Siri, Alexa, Cortana, and the chatbots you encounter online have been very carefully designed. Their every aspect can be tweaked and manipulated however the designers want it to, the voice could be that of Arnold Schwarzenegger or encourage you to speak in another language but the current voice and personality of Siri are what Apple has decided to use. In the example of Eugene Goostman, the agent pretended to be a young child to easier pass as being human in a Turing test but in the case of a voice assistant, we know that it is a small computer. A conversational agent appearing as a human is impressive and is often seen as a sign of quality, but giving it too many human qualities can make it fall into the uncanny valley [7].

There are also many interesting design prototypes on this subject, for example, a genderless voice for conversational agents. Gender is something that we assign the device anyway.

Our imaginary trustworthy voice assistant would have a personality and voice that is aligned with its capabilities and purpose, it should be clear from the way it speaks that this a robot that can help you select music hands-free. Perhaps it should follow the same design tradition as GPS devices, prioritizing clarity and being heard over the noise of other cars. But I would love to hear a genderless and clearly robotic voice with human-like behavior in action.

A project at the Umeå Institute of Design explored the concept of a voice assistant with a completely different language that the user has to learn in order to talk with the assistant. This forces the user to re-evaluate their relationship to the device and also provides a sense of privacy for the user, knowing that it can’t understand the language they are speaking in its presence[8].

4. Take responsibility for what it says and offer an explanation

Finally, the conversational agent should be designed with accountability and responsibility in mind. The agent interprets voice input and translates it into actionable commands that the computer can execute. Our trustworthy AI should make this process transparent to the user, making it clear what it heard and what function it executes. During or after a voice command the user should be able to ask how and why it responded in the manner that it did.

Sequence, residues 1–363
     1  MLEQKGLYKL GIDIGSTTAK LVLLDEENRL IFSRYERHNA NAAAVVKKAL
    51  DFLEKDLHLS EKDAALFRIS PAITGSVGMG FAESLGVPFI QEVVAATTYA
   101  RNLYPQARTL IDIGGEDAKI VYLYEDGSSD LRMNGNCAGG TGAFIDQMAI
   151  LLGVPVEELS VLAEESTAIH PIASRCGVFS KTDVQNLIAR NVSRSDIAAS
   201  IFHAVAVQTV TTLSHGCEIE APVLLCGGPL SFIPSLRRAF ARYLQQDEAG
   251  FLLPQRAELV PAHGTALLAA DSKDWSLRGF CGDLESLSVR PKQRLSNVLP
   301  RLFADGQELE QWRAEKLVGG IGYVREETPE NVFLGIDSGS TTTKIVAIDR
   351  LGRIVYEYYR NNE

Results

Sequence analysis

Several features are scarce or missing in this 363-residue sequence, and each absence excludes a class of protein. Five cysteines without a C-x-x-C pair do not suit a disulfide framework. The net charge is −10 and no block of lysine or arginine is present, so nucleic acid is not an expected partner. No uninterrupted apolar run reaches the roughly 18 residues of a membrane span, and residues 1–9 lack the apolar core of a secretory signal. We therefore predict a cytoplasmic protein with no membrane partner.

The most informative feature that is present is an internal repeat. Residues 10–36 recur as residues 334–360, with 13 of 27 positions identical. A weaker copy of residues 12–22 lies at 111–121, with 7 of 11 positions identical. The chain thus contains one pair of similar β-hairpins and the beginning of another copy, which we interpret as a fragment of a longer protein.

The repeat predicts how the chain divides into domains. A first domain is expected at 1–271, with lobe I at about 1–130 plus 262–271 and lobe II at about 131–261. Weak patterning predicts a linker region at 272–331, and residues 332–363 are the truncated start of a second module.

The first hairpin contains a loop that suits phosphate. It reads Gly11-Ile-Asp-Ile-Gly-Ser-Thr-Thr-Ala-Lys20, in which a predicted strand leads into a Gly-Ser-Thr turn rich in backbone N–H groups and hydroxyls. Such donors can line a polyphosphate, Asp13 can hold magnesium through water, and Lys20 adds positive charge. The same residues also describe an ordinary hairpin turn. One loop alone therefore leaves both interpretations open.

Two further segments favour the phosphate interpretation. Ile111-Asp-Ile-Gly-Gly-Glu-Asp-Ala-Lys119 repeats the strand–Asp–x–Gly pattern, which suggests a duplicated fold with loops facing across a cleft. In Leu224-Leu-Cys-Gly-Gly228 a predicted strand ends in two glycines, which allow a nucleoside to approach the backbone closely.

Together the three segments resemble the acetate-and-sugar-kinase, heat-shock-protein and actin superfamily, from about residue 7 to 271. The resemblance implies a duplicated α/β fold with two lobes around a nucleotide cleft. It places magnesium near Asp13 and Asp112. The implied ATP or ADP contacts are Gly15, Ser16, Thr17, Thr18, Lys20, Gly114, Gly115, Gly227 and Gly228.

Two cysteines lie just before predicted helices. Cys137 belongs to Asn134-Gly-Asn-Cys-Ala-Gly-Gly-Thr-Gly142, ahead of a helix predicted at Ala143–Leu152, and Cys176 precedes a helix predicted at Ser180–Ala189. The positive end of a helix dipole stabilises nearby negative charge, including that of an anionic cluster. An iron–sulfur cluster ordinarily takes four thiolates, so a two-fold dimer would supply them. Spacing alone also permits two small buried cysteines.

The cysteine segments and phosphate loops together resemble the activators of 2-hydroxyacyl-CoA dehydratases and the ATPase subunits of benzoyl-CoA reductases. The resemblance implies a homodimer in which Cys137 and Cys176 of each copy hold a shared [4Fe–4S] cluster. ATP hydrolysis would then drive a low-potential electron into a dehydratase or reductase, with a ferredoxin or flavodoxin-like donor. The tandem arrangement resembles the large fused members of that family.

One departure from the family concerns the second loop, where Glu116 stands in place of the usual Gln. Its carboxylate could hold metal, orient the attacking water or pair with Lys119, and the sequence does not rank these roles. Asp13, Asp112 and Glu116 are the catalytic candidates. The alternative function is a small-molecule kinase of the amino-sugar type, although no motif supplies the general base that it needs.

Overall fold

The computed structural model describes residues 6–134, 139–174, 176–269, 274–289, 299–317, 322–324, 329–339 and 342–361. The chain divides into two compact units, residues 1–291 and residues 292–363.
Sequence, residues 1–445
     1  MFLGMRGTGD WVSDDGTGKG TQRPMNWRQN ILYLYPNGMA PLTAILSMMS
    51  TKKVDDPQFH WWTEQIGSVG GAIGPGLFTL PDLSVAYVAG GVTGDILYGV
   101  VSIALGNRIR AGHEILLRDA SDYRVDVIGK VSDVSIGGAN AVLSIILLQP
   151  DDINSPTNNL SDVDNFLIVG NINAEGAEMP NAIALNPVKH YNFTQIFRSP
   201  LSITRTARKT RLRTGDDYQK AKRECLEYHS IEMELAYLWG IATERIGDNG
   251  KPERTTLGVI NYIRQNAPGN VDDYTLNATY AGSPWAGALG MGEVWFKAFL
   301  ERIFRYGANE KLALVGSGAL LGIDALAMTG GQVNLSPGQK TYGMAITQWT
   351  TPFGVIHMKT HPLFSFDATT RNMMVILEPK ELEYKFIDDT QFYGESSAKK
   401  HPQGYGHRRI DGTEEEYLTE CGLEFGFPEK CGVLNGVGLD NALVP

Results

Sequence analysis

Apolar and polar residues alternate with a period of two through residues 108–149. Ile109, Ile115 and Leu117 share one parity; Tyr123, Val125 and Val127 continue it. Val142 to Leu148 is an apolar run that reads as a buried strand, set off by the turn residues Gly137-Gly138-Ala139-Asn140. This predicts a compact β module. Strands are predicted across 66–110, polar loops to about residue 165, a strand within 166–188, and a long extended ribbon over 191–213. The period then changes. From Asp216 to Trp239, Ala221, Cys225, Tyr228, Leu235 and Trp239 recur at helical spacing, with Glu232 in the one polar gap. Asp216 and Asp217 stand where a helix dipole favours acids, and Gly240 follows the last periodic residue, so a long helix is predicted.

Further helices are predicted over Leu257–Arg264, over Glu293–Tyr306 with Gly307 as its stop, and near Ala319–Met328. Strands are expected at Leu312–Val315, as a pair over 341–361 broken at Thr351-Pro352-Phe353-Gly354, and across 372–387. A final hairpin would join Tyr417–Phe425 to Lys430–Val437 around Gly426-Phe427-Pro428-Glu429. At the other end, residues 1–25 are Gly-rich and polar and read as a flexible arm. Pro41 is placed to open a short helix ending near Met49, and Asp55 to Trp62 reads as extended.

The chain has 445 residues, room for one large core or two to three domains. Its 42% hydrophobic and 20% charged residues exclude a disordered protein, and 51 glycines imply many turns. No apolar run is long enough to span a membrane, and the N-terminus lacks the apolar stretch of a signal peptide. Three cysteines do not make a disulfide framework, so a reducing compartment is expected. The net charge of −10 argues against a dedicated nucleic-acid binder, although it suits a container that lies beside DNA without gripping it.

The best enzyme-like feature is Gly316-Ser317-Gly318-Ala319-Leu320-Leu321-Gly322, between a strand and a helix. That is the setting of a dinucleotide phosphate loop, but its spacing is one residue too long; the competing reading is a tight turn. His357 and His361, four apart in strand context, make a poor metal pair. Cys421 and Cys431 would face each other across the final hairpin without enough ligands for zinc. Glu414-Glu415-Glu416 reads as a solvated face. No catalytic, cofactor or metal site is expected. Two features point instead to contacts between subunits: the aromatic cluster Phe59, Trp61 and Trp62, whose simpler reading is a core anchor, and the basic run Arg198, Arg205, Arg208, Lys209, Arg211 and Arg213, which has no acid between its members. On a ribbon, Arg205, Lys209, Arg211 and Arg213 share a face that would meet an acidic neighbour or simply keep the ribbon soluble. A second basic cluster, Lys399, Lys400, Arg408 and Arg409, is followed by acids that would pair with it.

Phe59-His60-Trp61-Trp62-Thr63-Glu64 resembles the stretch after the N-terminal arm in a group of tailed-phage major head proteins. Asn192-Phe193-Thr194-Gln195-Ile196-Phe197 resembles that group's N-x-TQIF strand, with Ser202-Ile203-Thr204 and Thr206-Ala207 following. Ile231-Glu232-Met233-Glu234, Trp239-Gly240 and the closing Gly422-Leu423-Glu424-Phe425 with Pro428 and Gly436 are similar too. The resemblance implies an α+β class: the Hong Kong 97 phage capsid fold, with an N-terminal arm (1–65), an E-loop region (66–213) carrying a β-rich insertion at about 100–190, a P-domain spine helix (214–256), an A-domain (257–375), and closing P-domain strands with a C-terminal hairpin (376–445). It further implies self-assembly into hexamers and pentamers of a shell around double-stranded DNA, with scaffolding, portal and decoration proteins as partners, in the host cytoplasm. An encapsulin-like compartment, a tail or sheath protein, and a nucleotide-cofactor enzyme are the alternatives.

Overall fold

An example:

User: Okay agent, how tall is the Eiffel tower?
Agent: According to wikipedia the Eiffel tower is a 324 meter tall iron tower located in Paris…
User: Okay agent, explain yourself.
Agent: What i heard was you asking for the height of the eiffel tower, I navigated to the Eiffel towers wikipedia page and pulled the information regarding the height of the structure. I processed this information and generated a shorter version and communicated to you.

This information can be overwhelming, and the person who created this function can probably break it down into many smaller steps. What is important is that that the user can ask for an explanation, and see that this is a piece of software with its own flaws and strengths and not the result of an intelligent being simply explaining something it remembers. If the answer is wrong it’s the fault of the engineers and designers and not the agent.

Hedonismbot from Futurama


Designing conversational agents with responsibility, transparency, and trust in mind is growing in popularity and people are starting to realize that it needs to happen for AI to be developed sustainably and ethically. I hope this article is read by someone working with conversational agents and thinks of these aspects when they design the chatbots and voice assistants of the future.

And I have much more to write, there are many questions I have only touched upon that I want to explain more thoroughly. Such as: What is trust in a conversational agent? What data does a voice assistant collect and should you be worried about it? What are the dangers of powerful natural language processing such as GPT-3 https://en.wikipedia.org/wiki/GPT-3 and what are the implications for consumers and scientists?


[1]Horned, A. (2020). Department of informatics Conversational agents in a family context A qualitative study with children and parents investigating their interactions and worries regarding conversational agents. http://urn.kb.se/resolve?urn=urn:nbn:se:umu:diva-172348
[3]Sciuto, A., Saini, A., Forlizzi, J., & Hong, J. I. (2018). “Hey Alexa, what’s up?”Studies of in-home conversational agent usage. DIS 2018 — Proceedings of the 2018 Designing Interactive Systems Conference, 857–868. https://doi.org/10.1145/3196709.3196772
[4]Ammari, T., Kaye, J., Tsai, J. Y., & Bentley, F. (2019). Music, Search, and IoT: How people (really) use voice assistants. ACM Transactions on Computer-Human Interaction, 26(3), 1–28. https://doi.org/10.1145/3311956
[5]Druga, S., Breazeal, C., Williams, R., & Resnick, M. (2017). “Hey Google is it ok if I eat you?” Initial explorations in child-agent interaction. IDC 2017 — Proceedings of the 2017 ACM Conference on Interaction Design and Children, 595–600. https://doi.org/10.1145/3078072.3084330
[6]Luger, E., & Sellen, A. (2016). “Like having a really bad pa”: The gulf between user expectation and experience of conversational agents. Conference on Human Factors in Computing Systems — Proceedings, 5286–5297. https://doi.org/10.1145/2858036.2858288
[8]Troshani, I., Rao Hill, S., Sherman, C., & Arthur, D. (2020). Do We Trust in AI? Role of Anthropomorphism and Intelligence. Journal of Computer Information Systems, 1–11. https://doi.org/10.1080/08874417.2020.1788473